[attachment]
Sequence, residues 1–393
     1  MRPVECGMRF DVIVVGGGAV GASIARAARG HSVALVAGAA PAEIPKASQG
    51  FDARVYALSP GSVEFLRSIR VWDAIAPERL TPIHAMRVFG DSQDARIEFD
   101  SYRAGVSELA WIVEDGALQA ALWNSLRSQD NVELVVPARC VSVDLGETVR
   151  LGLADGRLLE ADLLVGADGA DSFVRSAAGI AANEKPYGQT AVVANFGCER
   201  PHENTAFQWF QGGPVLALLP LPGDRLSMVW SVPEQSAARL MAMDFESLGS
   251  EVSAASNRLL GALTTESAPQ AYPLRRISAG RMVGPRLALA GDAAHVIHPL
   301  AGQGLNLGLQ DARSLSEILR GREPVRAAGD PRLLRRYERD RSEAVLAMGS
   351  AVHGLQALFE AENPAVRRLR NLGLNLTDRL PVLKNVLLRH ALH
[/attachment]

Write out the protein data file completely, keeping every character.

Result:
Sequence, residues 1–393
     1  MRPVECGMRF DVIVVGGGAV GASIARAARG HSVALVAGAA PAEIPKASQG
    51  FDARVYALSP GSVEFLRSIR VWDAIAPERL TPIHAMRVFG DSQDARIEFD
   101  SYRAGVSELA WIVEDGALQA ALWNSLRSQD NVELVVPARC VSVDLGETVR
   151  LGLADGRLLE ADLLVGADGA DSFVRSAAGI AANEKPYGQT AVVANFGCER
   201  PHENTAFQWF QGGPVLALLP LPGDRLSMVW SVPEQSAARL MAMDFESLGS
   251  EVSAASNRLL GALTTESAPQ AYPLRRISAG RMVGPRLALA GDAAHVIHPL
   301  AGQGLNLGLQ DARSLSEILR GREPVRAAGD PRLLRRYERD RSEAVLAMGS
   351  AVHGLQALFE AENPAVRRLR NLGLNLTDRL PVLKNVLLRH ALH